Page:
Jun 4, 2014 1:26PM
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LOL - So if that's the case then why not adopt the obama model of "lowering costs" and make it "mandatory" that all American citizens of working age purchase car insurance whether you drive or not or own a car or not, that way the costs can be shared among a greater percentage of the citizenry because even if you don't own or drive you will most likely be a passenger in a car someday and if you think the govt can't make that happen think again since we now have "obamacare" and thanks to the supreme court mandate the govt can now compel a citizen to purchase a product or service whether they want it or need it simply because they exist and of course the "govt" will allow a citizen to "opt out" but they will have to pay a penalty in the form of a tax that will be equal to the cost of purchasing care insurance. Enjoy what you voted for....chum.........p's. - LOL
Jun 4, 2014 12:51PM
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setting the stage of self driving cars more stories to come. You like your 2nd amendment right but there is nothing in the constitution about the right to drive. Drivers license going to be taken away just a matter of time and will be done in the name of safety.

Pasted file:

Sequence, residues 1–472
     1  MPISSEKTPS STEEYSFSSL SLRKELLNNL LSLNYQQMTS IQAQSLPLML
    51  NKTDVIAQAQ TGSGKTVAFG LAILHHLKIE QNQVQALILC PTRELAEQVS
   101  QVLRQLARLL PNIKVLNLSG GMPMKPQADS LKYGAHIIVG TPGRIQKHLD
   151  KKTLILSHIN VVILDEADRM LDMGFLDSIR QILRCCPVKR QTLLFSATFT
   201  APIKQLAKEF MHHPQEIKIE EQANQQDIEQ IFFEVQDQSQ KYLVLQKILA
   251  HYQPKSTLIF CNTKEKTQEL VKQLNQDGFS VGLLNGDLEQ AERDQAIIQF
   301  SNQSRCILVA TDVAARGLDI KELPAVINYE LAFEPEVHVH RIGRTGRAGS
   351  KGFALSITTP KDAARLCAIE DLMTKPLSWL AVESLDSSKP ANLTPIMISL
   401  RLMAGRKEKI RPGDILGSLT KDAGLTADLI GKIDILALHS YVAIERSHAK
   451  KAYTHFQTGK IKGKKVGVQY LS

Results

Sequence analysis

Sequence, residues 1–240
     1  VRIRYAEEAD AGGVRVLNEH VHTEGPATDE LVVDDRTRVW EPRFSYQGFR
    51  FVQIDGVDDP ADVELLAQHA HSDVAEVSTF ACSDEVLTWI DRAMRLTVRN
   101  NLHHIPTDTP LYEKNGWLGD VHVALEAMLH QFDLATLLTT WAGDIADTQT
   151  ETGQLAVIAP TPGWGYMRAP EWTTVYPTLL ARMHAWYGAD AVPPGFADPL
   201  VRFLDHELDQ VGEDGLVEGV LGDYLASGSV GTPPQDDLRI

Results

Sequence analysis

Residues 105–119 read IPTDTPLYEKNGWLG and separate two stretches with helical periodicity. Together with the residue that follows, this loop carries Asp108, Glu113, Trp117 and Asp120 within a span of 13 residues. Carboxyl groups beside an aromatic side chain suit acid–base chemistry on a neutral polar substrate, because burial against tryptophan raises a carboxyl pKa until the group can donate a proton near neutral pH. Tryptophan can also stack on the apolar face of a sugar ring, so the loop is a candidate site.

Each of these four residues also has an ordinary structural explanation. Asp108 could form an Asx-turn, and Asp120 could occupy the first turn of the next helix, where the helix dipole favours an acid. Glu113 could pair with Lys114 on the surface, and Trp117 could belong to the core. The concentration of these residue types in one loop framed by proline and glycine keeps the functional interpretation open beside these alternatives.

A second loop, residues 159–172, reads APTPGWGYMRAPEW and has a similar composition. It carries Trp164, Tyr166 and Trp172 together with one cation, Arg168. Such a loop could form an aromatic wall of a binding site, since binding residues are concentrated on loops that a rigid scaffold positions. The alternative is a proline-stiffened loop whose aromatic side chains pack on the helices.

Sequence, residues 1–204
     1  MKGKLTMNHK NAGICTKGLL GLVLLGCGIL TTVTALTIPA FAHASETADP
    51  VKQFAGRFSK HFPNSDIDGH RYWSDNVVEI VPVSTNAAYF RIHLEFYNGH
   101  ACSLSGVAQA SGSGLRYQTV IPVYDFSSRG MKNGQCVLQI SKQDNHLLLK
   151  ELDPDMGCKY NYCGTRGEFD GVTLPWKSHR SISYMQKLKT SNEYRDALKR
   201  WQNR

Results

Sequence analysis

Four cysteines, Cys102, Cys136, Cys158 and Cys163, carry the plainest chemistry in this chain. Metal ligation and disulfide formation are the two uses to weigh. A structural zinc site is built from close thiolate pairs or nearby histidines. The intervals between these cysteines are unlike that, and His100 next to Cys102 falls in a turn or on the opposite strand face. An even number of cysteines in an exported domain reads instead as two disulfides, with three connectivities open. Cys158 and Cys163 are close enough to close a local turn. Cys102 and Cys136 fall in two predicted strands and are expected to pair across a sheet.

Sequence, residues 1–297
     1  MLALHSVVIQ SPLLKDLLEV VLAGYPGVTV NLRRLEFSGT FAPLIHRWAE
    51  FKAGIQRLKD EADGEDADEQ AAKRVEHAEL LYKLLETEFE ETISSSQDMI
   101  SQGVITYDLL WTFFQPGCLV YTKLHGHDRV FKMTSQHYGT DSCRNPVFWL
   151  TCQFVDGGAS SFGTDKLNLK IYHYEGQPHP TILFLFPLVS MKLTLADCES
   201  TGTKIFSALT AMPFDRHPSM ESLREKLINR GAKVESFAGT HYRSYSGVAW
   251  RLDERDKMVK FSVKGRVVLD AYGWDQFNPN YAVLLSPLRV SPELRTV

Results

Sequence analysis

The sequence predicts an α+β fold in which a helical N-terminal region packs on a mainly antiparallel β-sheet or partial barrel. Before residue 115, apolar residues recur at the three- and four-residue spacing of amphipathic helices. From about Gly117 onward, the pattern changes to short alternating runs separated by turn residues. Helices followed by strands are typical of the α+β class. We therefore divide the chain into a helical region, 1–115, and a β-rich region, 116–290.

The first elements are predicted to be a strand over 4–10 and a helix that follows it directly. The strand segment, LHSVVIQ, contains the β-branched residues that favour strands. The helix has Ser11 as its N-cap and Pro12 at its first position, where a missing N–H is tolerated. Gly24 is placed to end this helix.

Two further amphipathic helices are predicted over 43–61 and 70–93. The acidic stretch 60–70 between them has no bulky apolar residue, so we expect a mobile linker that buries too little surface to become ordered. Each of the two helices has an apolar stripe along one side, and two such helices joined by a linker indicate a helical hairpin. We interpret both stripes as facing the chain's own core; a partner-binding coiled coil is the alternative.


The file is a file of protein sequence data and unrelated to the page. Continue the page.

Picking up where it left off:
Jun 5, 2014 9:29AM
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Got to agree with this one!  Some one put about a foot long crease in the lower front fender and door panel almost 9 years ago before I even made the first payment!!  Probably with a damn shopping cart!    $700.00 to fix it believe it or not., paint isn't even scratched.  Having $1000.00 deductible, the crease is still there! :-(
Jun 4, 2014 1:18PM
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By then we will all be locked up in FEMA camps according to my Conspiracy Theorist daughter. So no worries about driving or needing a DL. As an Insurance Agent. I am utterly appauled at the way people drive. People have stopped paing attention completely while driving. I blame the invention of the Automatic Transmission.
Jun 4, 2014 2:25PM
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oops, was lookin for the story 'bout the 60,000 'kid' illegals just brought across the border into Arizona

1.4 billion for them - 0 for actual Americans

Jun 4, 2014 2:09PM
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stproz -- they can take the second and get away with it pretty clean but if they even mention taking cars they will all be hung before sundown.
Jun 4, 2014 2:31PM
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True. But in the long term, not crashing and paying "insurance rate**** ALOT harder. id rather pay a little up front (comparitively) than a bunch through the long term. On  top of this, most insurance companies wont pay up if you do have an accident. So wtf are we even doing it for?